and

    (24)\,\,\,\mathbf{B} = \left[\begin{array}{cccccccc}   5215 & 13693 & 7265 &  4217 &  9367 & 10588 & 14372 & 12043 \\  7528 & 17825 & 11024 & 4989 & 14860 &  9447 & 16162 & 13087 \\   6161 & 12798 & 7702 & 3023  &  9551 &  8908 & 11429 &  8734   \end{array}   \right]

    The code for this case is:

    objective4<- function(x)
    {
    stopifnot( is.vector(x) )
    stopifnot( 9 == length(x) )
    B<- matrix(c(5215, 13693, 7265, 4217, 9367, 10588, 14372, 12043,
    7528, 17825, 11024, 4989, 14860, 9447, 16162, 13087,
    6161, 12798, 7702, 3023, 9551, 8908, 11429, 8734
    ), 3, 8, byrow=TRUE)
    X.right<- matrix(c(1356, 7505, 4299, 3419, 7132, 1965, 8365, 8031,
    5689, 8065, 7001, 638, 8977, 1088, 3229, 1016,
    3777, 8135, 3689, 1993, 3635, 9776, 8967, 7039
    ), 3, 8, byrow=TRUE)
    P4<- matrix(x, nrow=3, ncol=3, byrow=TRUE)
    d<- B - P4 %*% X.right
    # L2 norm for matrix
    return( L2normForMatrix(d, scaling=1000) )
    }

    nloptr.options4<- list("algorithm"="NLOPT_GN_ISRES", "xtol_rel"=1.0e-6, "print_level"=0, "maxeval"=300000, "population"=1000)

    Y4<- nloptr(x0=rep(0.5,9),
    eval_f=objective4,
    lb=rep(0,9), ub=rep(1,9),
    opts=nloptr.options4
    )

    print(Y4)

    cat("Y4 resulting estimates for \mathbf{A}:\n")
    print(matrix(Y4$solution, 3, 3, byrow=TRUE))

    The run results are:

    Call:
    nloptr(x0 = rep(0.5, 9), eval_f = objective4, lb = rep(0, 9), ub = rep(1, 9), opts = nloptr.options4)

    Minimization using NLopt version 2.4.2

    NLopt solver status: 5 ( NLOPT_MAXEVAL_REACHED: Optimization stopped because maxeval (above) was reached. )

    Number of Iterations....: 300000
    Termination conditions: xtol_rel: 1e-06 maxeval: 3e+05
    Number of inequality constraints: 0
    Number of equality constraints: 0
    Current value of objective function: 0.0013835300300619
    Current value of controls: 0.66308125177 0.13825982301 0.93439957114 0.92775614187 0.63095968859 0.70967190127 0.3338899268 0.47841968691 0.79082981177

    Y4 resulting estimates for mathbf{A}:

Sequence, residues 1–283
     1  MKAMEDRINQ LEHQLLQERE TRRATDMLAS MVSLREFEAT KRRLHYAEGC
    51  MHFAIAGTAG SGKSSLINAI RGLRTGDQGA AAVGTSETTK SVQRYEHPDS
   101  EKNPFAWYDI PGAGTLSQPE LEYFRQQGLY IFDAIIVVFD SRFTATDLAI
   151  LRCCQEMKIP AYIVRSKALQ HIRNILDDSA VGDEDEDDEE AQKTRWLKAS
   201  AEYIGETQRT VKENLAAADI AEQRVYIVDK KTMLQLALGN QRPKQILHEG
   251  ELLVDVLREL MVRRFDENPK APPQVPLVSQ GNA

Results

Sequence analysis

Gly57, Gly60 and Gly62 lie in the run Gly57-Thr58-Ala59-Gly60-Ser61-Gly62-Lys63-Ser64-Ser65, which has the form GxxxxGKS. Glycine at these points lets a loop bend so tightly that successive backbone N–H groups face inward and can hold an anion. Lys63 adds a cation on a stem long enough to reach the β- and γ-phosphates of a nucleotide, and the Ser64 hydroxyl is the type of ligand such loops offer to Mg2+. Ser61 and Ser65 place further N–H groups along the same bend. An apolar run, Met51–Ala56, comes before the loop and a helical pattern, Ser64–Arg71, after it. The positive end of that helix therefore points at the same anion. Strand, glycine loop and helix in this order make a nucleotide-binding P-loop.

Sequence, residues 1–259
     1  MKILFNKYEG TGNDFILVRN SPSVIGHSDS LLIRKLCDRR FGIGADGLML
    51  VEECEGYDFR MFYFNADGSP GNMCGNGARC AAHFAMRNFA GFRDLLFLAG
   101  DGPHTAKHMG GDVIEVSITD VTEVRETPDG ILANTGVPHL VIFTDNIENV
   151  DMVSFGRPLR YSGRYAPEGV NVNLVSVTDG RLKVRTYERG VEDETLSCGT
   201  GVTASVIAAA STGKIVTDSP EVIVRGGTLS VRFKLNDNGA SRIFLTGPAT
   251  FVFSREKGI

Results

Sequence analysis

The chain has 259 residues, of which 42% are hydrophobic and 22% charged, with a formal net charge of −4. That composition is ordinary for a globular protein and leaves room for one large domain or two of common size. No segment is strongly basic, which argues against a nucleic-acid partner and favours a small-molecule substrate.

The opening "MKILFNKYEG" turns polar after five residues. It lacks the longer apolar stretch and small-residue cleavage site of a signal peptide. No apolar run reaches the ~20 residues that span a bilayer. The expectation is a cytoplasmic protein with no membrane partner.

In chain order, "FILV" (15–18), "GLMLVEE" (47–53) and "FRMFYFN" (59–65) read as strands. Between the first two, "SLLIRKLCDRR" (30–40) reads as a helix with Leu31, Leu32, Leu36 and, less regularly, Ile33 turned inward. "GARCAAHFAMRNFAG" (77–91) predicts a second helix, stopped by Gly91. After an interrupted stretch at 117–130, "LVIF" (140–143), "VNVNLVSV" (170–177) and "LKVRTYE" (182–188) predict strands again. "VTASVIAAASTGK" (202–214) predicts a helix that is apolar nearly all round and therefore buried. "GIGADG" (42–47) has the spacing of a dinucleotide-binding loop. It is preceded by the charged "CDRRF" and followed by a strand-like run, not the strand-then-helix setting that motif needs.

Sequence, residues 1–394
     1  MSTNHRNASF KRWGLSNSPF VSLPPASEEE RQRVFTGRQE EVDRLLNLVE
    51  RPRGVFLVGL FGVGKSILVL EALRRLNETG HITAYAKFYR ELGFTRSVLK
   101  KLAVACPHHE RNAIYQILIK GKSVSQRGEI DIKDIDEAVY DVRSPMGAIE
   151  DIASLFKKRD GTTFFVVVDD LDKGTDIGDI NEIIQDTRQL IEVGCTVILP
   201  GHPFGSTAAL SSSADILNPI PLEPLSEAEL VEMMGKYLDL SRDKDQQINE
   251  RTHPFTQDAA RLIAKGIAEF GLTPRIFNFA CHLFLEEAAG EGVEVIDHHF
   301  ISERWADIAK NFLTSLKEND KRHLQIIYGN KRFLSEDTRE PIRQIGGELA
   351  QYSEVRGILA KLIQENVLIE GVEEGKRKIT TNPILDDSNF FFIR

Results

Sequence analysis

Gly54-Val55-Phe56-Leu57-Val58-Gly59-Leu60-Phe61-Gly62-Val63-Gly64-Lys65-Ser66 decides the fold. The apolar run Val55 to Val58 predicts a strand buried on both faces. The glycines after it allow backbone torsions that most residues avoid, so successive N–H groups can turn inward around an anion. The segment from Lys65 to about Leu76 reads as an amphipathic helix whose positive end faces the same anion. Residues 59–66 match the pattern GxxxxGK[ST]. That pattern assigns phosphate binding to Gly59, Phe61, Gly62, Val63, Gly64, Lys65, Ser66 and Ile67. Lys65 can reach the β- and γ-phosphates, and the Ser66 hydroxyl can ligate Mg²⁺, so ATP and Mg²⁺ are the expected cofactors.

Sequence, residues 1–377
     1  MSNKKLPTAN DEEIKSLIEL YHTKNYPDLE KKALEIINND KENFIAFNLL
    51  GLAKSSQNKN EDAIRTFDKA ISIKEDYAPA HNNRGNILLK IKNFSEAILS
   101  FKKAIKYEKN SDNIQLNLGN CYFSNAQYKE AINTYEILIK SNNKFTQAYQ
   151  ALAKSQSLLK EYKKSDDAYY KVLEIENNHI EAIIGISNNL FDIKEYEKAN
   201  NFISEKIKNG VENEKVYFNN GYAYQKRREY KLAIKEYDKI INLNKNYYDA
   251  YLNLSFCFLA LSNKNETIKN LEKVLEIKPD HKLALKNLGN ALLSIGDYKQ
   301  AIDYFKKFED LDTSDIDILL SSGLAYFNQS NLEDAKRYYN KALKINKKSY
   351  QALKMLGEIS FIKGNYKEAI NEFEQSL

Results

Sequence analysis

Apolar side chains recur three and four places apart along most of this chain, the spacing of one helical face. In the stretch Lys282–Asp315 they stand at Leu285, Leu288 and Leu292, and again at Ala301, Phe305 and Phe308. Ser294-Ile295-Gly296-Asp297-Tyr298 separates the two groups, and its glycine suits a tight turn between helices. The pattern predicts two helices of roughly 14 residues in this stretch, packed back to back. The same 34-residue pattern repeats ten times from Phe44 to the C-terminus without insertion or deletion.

[,1] [,2] [,3]
    [1,] 0.66308125177 0.13825982301 0.93439957114
    [2,] 0.92775614187 0.63095968859 0.70967190127
    [3,] 0.33388992680 0.47841968691 0.79082981177

    In fact, the held back version of \mathbf{A} used to generate these test data sets was:

    (25)\,\,\,\mathbf{A} = \left[\begin{array}{ccc} 0.663 & 0.138 & 0.934 \\                                                         0.928 & 0.631 & 0.710 \\                                                         0.334 & 0.478 & 0.791  \end{array} \right]

    and that matches the result rather well. So, in a sense, the algorithm has “learned” \mathbf{A} from the 8 data pairs presented.


    Miscellaneous notes

    All the runs of nloptr here were done with the following settings. The algorithm is always ISRES. The parameters xrel_tol = 1.0e-4 and population = 1000. maxeval, the number of iterations, varied depending upon the problem. For Y1, Y2, Y3, and Y4 it was 100000, 100000, 100000, and 300000, respectively In all instances, the appropriate optimization controls are given by the nloptr.optionsn variable, where n \in \{1,2,3,4\}.

    Per the description, ISRES, which is an acronym for Improved Stochastic Ranking Evolution Strategy:

    The evolution strategy is based on a combination of a mutation rule (with a log-normal step-size update and exponential smoothing) and differential variation (a Nelder–Mead-like update rule). The fitness ranking is simply via the objective function for problems without nonlinear constraints, but when nonlinear constraints are included the stochastic ranking proposed by Runarsson and Yao is employed. The population size for ISRES defaults to 20×(n+1) in n dimensions, but this can be changed with the nlopt_set_population function.

    This method supports arbitrary nonlinear inequality and equality constraints in addition to the bound constraints, and is specified within NLopt as NLOPT_GN_ISRES.

    Further notes are available in:

    • T. P. Runarsson, X. Yao, “Search biases in constrained evolutionary optimization,” IEEE Transactions on Systems, Man, and Cybernetics, Part C: Applications and Reviews, 205, 35(2), 233-243.
    • T. P. Runarsson, X. Yao, “Stochastic ranking for constrained evolutionary optimization,” IEEE Transactions on Evolutionary Computation, 2000, 4(3), 284-294.

About ecoquant

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This entry was posted in Calculus, dynamic linear models, mathematics, maths, nloptr, numerical algorithms, numerical analysis, numerical linear algebra, numerics, SVD. Bookmark the permalink.